28 January 2013

The Evolution of Grease Monkey

Tim Eldred has published his comic Grease Monkey in a variety of ways: as a series of indy comics starting in the mid-1990s, with presses Kitchen Sink and Image, in this 2006 volume from Tor Books, and on the web.

Evidently inspired by the opening scenes of 2001: A Space Odyssey, Eldred imagined a gorilla in space alongside humans. He also wanted to explore slice-of-life stories instead of the usual battle-for-life sagas of superhero comics and space operas.

The result is a series of episodes set on a large military spaceship guarding Earth after one extraterrestrial race has nearly destroyed the planet and another has provided reparative technology and sped up evolution for gorillas to make them as intelligent as Homo sapiens. That spaceship isn’t at war; its personnel are training for war. But the tensions and rivalries of military life provide plenty of twists in the mild, character-driven plots.

Though Eldred started with his gorilla mechanic Mac Gimbensky, the main character really is Mac’s teen-aged assistant. That character—young, idealistic, and upright—is named Robin. (I’m just saying.) Most of the stories are coming-of-age episodes for Robin as he works through his role in the Barbarians fighter squadron, his crush on an assistant librarian, and his loyalty to dubious friends.

Indeed, Mac and an older gorilla in the custodial service provide so much help and wisdom to Robin that they might have become futuristic substitutes for the “Magical Negro” of single-species stories. But both those characters have their own plotlines, Mac especially, and Eldred provides a wide range of archetypal roles for both people and gorillas. Indeed, one of the few weaknesses of the saga is that most supporting characters fall quickly into familiar roles as antagonists or helpers.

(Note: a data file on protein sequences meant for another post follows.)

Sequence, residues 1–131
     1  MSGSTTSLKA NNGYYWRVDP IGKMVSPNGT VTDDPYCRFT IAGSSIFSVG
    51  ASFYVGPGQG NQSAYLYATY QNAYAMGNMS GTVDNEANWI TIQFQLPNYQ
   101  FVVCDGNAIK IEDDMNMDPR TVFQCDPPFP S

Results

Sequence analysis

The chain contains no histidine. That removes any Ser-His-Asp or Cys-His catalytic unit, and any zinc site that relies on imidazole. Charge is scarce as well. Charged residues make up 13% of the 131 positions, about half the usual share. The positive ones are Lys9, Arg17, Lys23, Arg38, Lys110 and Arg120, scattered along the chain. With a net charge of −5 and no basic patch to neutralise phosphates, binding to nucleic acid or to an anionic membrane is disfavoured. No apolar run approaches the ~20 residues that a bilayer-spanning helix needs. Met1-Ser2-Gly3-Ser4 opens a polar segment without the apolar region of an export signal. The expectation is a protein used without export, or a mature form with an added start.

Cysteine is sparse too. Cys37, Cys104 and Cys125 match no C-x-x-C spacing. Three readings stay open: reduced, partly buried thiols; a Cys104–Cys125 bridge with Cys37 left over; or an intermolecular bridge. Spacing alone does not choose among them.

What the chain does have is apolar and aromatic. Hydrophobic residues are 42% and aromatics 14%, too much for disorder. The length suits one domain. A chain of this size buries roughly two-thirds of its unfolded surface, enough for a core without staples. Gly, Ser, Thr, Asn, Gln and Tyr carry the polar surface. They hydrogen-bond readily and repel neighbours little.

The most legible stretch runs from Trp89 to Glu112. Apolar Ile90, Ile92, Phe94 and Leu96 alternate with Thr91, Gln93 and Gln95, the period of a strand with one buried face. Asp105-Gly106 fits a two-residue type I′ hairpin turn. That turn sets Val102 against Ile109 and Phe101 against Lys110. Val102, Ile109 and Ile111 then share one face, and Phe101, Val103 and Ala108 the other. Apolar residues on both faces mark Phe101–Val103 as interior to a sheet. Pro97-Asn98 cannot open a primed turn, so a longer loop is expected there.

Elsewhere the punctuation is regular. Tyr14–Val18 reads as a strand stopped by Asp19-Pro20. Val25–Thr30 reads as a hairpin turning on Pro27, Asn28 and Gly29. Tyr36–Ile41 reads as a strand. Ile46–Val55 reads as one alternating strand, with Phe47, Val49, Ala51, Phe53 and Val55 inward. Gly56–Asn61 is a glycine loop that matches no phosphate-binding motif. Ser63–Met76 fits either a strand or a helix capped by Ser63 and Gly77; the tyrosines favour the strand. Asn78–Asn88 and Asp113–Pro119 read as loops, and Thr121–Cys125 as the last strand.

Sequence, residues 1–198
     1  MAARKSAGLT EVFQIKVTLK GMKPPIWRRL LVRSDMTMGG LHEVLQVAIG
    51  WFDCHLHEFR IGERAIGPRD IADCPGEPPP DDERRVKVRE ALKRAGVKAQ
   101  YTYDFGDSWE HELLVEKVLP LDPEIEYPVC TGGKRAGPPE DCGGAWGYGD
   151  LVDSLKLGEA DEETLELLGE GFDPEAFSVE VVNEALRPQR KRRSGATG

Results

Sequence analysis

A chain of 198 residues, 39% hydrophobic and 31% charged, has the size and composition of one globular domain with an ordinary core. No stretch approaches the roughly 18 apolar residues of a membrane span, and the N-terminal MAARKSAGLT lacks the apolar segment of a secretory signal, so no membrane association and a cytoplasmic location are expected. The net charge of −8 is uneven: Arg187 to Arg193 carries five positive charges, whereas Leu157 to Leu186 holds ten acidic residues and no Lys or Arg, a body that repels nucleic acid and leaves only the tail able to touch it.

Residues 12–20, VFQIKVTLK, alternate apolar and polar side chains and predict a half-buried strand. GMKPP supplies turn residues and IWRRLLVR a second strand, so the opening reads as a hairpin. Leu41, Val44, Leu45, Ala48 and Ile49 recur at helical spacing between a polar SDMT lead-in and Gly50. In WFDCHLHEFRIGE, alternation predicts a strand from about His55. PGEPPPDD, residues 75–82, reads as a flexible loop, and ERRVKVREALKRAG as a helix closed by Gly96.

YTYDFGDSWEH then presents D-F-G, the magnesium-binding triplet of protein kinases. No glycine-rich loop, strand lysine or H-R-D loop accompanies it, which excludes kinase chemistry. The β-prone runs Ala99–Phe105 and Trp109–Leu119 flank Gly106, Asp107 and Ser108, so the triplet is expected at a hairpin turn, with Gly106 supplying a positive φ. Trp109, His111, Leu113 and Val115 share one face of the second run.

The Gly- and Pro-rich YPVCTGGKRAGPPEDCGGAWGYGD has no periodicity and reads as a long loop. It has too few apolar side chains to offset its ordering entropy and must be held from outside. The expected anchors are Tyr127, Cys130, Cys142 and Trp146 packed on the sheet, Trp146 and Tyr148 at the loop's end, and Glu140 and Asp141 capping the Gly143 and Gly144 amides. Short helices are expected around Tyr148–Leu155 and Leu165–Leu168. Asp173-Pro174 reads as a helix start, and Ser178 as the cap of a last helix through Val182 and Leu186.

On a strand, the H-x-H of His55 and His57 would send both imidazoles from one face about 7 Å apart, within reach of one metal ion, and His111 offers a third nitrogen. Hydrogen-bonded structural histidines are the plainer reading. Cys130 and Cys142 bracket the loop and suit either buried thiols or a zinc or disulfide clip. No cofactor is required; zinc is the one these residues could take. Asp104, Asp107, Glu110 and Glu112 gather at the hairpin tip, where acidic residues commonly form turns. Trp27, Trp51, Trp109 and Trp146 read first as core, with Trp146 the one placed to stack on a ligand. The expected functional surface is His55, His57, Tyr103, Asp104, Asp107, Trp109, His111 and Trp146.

Eldred draws in a classic American “realistic” comics style with some “cartoony” bulging eyes or floating hearts where called for. There’s a clear visual difference between the mid-1990s installments and when he picked up the series again a few years later, but the shift is interesting rather than jarring.

The only reading problem Grease Monkey posed for me was a tendency for panels to be stacked on the left without clear visual cues to guide the eyes. The online installments from the yet-to-be-printed sequel use word balloons as a visual bridge from one panel to the next in such layouts.

That sequel also provides a dangerous enemy for the spaceship’s crew—a shift back toward traditional adventure now that most of the characters have been established. I worry that the number of years since the end of that saga and now without a printed volume means Grease Monkey isn’t getting the readership it deserves.

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